Trucks & SUVs

What Did Volkswagen Get Right and Wrong on Its First Two-Row Midsize SUV?

German automaker Volkswagen is known for being a versatile brand, producing fun, zippy, sporty, and efficient vehicles that stand the test of time. But while VW has mastered certain vehicle segments, it’s failed to fill some spots in the market that consumers are after most. In an effort to keep up with the needs of consumers, VW just released its first-ever, two-row midsize crossover. So what did Volkswagen get right and wrong with the Atlas Cross Sport?

Volkswagen’s move into the two-row midsize SUV segment

VW has the compact Tiguan and larger, three-row Atlas, but its hole in the lineup where a two-row midsize crossover should be has been “so wide that you could drive one through it,” according to The Car Connection. And with the demand from consumers for an efficient crossover continuing to grow, VW needed something to go “in the middle.” Its answer to this is the brand-new, two-row 2020 Atlas Cross Sport.

Based on the same platform as its bigger brother, the three-row Atlas, the 2020 Atlas Cross Sport is the first two-row midsize SUV from VW. The Atlas Cross Sport offers a larger cargo area in lieu of the Atlas’ third-row, with smaller dimensions all around. So how did VW do?

What the Volkswagen Atlas Cross Sport does right

According to Kelley Blue Book, the best features of the 2020 Atlas Cross Sport include its massive cargo area, spacious second row, wide range of trim levels and options, and its sleek, sporty styling.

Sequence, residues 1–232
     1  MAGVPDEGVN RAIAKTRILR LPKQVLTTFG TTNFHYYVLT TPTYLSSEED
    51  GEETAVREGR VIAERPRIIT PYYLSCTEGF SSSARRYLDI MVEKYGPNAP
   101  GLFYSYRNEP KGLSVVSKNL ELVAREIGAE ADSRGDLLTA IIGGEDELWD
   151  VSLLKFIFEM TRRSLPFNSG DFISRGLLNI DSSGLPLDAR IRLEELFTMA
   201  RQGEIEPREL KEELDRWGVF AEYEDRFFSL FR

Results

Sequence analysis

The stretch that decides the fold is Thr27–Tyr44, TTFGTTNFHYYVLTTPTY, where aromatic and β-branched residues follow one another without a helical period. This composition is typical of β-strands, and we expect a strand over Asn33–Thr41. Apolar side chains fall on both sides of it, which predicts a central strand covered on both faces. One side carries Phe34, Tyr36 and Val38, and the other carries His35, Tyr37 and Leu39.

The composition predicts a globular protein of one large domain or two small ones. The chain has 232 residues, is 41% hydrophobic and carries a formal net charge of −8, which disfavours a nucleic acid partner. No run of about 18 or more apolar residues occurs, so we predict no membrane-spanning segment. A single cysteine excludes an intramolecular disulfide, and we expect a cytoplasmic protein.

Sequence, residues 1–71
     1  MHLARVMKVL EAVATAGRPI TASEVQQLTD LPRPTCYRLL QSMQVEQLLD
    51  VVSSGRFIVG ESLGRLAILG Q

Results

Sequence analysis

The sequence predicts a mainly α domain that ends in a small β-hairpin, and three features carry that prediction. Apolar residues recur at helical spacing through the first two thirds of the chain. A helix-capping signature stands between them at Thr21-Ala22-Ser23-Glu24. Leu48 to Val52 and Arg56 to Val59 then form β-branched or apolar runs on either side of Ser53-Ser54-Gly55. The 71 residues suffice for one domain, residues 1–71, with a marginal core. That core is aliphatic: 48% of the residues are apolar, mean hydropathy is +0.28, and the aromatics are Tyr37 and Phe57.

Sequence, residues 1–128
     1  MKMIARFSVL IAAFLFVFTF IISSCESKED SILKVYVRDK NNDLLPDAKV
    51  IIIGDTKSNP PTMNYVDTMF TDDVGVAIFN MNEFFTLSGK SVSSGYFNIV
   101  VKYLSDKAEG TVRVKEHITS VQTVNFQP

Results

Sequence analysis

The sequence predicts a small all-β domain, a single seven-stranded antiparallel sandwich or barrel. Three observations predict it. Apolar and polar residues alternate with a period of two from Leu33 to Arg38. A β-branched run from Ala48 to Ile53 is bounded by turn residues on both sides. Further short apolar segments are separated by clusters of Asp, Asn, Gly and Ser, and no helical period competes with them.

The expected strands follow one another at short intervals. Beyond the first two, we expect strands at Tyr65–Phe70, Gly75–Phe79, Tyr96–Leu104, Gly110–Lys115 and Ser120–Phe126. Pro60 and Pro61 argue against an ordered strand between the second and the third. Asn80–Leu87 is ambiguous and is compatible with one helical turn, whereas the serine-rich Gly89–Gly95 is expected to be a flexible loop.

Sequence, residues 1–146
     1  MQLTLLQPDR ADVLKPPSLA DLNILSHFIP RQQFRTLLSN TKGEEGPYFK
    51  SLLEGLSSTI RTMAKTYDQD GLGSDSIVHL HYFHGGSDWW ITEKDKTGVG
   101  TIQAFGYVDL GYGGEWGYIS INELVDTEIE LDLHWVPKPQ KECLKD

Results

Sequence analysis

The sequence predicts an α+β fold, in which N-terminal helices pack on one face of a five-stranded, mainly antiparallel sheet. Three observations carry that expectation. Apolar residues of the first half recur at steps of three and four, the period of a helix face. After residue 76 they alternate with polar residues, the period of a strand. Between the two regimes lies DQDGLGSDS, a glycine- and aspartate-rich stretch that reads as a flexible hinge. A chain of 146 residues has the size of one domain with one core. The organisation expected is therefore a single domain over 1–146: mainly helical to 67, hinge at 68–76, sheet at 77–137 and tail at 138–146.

The overall design is sportier than most other SUVs in the segment and according to Car and Driver, takes “a more aggressive, Audi Q8-like angle.” Cutting off the third-row means the roofline drops off sooner, for a much sportier appearance than the Atlas.

Getting rid of the Atlas’ third-row also gives the Atlas Cross Sport a more spacious second-row, with plenty of legroom and split-folding bench seating that offers “up an additional three inches of legroom.” Cargo space in the rear is also impressive.

Base model Atlas Cross Sports come with a turbocharged 2.0-liter four-cylinder engine that makes 235 hp and 258 lb-ft of torque that’s punchier than most competitors. A 3.6-liter six-cylinder making 276 hp and 266 lb-ft of torque is also available.

VW is going all-in with the 2020 Atlas Cross Sport. According to Motor1, it comes available in eight different trim levels: the S, SE, SE w/ Tech, SE w/ Tech R-Line, SEL, SEL R-Line, SEL Premium, and SEL Premium R-Line. With a base price of just over $31,000, the Atlas Cross Sport is an affordable competitor.

Where the Volkswagen Atlas Cross Sport needs work

Though the 2020 Atlas Cross Sport comes with a super-competitive base price, it’s possible to spend a pretty penny getting what you want. According to the same KBB experts, its starting price is right in line with competitors, but “as you approach the higher trim levels, pricing isn’t as close.” For an Atlas Cross Sport with all the fixings, you will have to spend well over $50,000.

The experts mostly agree that the 2020 Volkswagen Atlas Cross Sport could use some work in the driving dynamics department. For a sporty crossover, the Atlas Cross Sport performs more like its bigger and clunkier brother, the Atlas.

While the ride is comfortable, experts found the transmission to be lagging at low speeds and the suspension to be sub-par over bumps in the road. According to Car and Driver, it may be an “SUV that average drivers will find perfectly agreeable,” but it lacks the “sporty driving dynamics” you would expect.

In addition, the Atlas Cross Sport shares so much of its bigger brother’s styling, many are wondering if the new midsize crossover will be able to stand out from the crowd. Though the Atlas Cross Sport comes with much sportier styling, there are plenty of other competitors in the midsize segment designed for a more “rugged” experience.

So similar to the Atlas and not an off-roader, the Atlas Cross Sport may end up directly where it was designed to be: right in the middle.